The Herald writes: For the next 10 months, up until and after the opening on October 3, Hooper’s job as chief executive of the Commonwealth Games Federation (CGF) will be a challenge. The 50-year-old has held the role since December 2000, after moving on as boss of the New Zealand Olympic Committee. Most days, he negotiates his way through the organised chaos of Delhi into the cacophony of the Connaught Place business district as it whirs into mayhem.

It’s a long way from growing up as part of a family of nine children in the Manawatu. Recently his quality control role has been riddled with controversy as Hooper, renowned for being a straight shooter, comes up against local political power. Suresh Kalmadi, the chairman of the Games’ organising committee, demanded his sacking for what he claimed was incompetence and delaying tactics. That’s after Hooper helped set up an independent monitoring committee – at the CGF’s cost – to oversee the slow pace of preparations. Hooper says they have reached a practical peace, for now.

“My response is that, quite simply we’re going to focus on the issues, get on with the work and continue to assist – because the reality is there’s a lot to be done. It’s no secret we’re behind schedule. It stems from early October when the completion date for a number of venues such as the cycling velodrome, aquatics centre and rugby sevens ground was extended by three months to March 31.”

Is it a real cause for concern? Not really, says Hooper: “So long as they can demonstrate a degree of readiness when we come through formally with the co-ordination commission on December 14. The timeframe from the start of April to the end of September still gives us six months, so we’re not panicking. If you go back to Melbourne, [the Commonwealth Games there in 2006] even some of their venues weren’t ready until three or four months before.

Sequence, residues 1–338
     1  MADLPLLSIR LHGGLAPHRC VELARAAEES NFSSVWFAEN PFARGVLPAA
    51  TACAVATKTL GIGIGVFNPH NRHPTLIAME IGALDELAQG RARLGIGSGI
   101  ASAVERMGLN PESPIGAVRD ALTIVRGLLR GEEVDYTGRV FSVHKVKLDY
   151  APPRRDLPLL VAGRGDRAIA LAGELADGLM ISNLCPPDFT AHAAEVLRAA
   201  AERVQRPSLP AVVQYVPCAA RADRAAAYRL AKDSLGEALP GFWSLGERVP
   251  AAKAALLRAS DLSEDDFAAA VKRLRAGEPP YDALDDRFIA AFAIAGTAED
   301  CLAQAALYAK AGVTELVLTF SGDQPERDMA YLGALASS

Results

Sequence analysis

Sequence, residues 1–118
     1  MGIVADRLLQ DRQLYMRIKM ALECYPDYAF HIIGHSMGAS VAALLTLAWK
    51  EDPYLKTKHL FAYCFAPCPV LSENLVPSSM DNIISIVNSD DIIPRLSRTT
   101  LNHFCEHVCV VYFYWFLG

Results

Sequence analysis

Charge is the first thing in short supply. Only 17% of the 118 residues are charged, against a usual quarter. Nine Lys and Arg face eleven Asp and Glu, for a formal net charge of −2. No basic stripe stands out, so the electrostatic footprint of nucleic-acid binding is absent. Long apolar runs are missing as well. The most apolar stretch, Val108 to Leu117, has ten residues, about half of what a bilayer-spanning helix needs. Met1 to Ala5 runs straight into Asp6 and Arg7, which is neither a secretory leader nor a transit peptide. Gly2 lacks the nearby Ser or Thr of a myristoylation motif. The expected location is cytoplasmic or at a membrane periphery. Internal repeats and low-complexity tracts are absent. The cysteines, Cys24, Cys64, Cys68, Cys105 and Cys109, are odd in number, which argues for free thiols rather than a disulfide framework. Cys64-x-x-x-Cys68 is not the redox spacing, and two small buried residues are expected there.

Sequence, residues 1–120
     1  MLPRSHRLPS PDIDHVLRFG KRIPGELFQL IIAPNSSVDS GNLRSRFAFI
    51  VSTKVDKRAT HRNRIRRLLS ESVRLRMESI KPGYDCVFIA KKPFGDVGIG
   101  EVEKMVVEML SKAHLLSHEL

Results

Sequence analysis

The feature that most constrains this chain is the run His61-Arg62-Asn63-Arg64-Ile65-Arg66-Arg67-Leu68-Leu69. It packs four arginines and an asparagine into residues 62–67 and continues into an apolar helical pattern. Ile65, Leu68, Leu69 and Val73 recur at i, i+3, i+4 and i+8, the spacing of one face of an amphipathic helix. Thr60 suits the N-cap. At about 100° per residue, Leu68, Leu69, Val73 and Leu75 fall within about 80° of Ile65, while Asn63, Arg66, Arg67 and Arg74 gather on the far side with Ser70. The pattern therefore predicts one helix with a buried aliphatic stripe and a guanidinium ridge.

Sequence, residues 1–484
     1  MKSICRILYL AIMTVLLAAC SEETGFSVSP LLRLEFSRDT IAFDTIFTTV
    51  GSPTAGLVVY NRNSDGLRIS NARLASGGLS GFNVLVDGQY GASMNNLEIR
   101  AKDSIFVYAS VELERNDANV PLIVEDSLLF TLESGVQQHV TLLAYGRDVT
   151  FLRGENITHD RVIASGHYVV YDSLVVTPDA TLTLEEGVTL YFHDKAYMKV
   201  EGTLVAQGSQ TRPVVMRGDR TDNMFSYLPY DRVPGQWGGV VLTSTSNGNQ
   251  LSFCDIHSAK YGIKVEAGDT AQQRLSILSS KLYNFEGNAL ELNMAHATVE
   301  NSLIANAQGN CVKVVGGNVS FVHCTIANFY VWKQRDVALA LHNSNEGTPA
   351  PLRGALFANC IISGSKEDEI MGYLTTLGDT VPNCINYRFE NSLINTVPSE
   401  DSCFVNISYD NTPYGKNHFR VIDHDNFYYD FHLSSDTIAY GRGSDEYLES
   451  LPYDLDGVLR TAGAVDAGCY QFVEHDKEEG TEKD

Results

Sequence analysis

“The MCG, for example, underwent hundreds of millions of dollars worth of renovations, but we only had a month or two before that was ready. The village is something else we’ll get an update on. It’s important we keep monitoring and querying. To be fair, there’s been a lot of Indian government funding, including an increase of Rs 16.2 billion ($500 million) added to the budget recently for operational delivery, broadcasting, venue construction and infrastructural programmes.” Hooper has had the backing of the CGF chairman and president Mike Fennell during the time of crisis. The president of the NZOC, Mike Stanley, has also waded in on his behalf after his October visit to Delhi for the General Assembly.